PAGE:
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Assembly Based Part Design to Improve the Additive Manufacturing Productivity: Process Time, Cost and Surface Roughness

[+] Author Affiliations
Yosep Oh, Sara Behdad

University at Buffalo, Buffalo, NY

Paper No. DETC2016-59652, pp. V004T05A015; 10 pages
doi:10.1115/DETC2016-59652
From:
  • ASME 2016 International Design Engineering Technical Conferences and Computers and Information in Engineering Conference
  • Volume 4: 21st Design for Manufacturing and the Life Cycle Conference; 10th International Conference on Micro- and Nanosystems
  • Charlotte, North Carolina, USA, August 21–24, 2016
  • Conference Sponsors: Design Engineering Division, Computers and Information in Engineering Division
  • ISBN: 978-0-7918-5014-5
  • Copyright © 2016 by ASME

abstract

In design for assembly (DFA), minimizing part numbers is a significant guideline for product design improvement. For this reason, producing a single product regardless of its geometric complexity has been noted as one of the key advantages of additive manufacturing (AM) in the literature. This paper, however, points out that designing assembly parts also has positive influences on AM productivity. In fact, assembly designs enable AM manufacturers to reduce the build time by lowering the height of parts, to decrease the material cost by reducing the amount of support, and to improve the surface quality by deciding the proper orientations for build-up parts. For applying to AM, we propose the assembly design procedure that includes two main phases: designing assembly parts employing design guidelines and evaluating the assembly parts with a quantitative method. In the guidelines for assembly designs, there are mainly two categories: (1) basic principles for assembly designs; and (2) connection types for part assemblies. The former deals with how we separate a single product into several parts and how we make a decision about a build-up orientation in order to improve the AM productivity. The latter covers connection methods that explain how divided parts are connected into a single product again. To assess the assembly part designs quantitatively, we suggest a simple estimation model based on the digital light processing (DLP), an AM technology that results in high efficiency in terms of the build time. A numerical example is provided to show how different assembly designs are compared to select the best one with the highest AM productivity.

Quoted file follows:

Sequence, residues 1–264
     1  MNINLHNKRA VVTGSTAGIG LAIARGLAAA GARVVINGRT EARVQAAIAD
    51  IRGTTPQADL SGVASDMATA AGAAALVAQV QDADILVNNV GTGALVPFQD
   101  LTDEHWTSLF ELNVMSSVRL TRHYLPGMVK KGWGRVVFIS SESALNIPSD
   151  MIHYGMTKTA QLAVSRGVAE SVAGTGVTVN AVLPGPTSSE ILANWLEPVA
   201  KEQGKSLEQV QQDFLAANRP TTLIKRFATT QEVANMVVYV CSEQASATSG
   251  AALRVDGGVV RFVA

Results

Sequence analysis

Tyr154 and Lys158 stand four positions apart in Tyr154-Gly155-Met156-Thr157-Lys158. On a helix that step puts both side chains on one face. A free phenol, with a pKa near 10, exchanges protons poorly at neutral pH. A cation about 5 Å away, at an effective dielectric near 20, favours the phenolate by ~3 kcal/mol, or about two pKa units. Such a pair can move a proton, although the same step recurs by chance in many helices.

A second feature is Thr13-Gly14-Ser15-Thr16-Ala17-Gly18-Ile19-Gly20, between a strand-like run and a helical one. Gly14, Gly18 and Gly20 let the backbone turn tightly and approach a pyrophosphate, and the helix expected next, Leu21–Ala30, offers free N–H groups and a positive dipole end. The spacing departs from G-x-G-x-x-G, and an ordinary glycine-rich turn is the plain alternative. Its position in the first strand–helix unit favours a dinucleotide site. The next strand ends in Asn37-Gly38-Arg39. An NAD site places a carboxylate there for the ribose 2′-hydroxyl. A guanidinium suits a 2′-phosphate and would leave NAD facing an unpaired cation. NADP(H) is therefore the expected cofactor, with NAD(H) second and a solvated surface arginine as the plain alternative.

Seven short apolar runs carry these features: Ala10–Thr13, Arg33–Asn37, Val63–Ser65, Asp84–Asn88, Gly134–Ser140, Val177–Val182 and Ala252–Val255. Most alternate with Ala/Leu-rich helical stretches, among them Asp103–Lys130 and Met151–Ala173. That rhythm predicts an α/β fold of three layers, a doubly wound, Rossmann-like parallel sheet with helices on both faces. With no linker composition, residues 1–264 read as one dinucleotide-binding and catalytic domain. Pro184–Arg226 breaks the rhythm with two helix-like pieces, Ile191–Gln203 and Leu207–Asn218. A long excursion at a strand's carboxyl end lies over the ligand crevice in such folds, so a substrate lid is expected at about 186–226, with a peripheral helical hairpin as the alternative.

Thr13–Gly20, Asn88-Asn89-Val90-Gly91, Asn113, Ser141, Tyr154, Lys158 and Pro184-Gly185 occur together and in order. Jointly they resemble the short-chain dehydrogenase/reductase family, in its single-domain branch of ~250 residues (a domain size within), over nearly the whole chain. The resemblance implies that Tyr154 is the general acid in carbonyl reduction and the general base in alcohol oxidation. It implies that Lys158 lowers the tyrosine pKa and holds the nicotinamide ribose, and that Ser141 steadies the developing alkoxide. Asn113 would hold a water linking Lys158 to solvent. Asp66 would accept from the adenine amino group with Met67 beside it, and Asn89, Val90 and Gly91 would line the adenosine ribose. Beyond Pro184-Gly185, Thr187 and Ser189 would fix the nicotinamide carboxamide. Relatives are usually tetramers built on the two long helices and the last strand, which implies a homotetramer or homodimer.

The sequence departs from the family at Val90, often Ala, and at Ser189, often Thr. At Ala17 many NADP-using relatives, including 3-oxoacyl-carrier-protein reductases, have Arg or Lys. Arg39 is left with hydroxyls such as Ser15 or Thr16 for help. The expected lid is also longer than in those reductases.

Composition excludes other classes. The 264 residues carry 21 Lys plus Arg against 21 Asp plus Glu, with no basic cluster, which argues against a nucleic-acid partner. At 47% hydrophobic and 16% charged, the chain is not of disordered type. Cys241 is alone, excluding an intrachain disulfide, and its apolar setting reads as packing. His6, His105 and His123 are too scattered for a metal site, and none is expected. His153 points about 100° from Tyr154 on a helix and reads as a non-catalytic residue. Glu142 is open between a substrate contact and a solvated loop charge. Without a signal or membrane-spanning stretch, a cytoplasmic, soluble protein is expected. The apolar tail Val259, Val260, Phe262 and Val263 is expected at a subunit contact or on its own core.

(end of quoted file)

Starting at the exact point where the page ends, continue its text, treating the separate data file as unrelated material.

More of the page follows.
Copyright © 2016 by ASME

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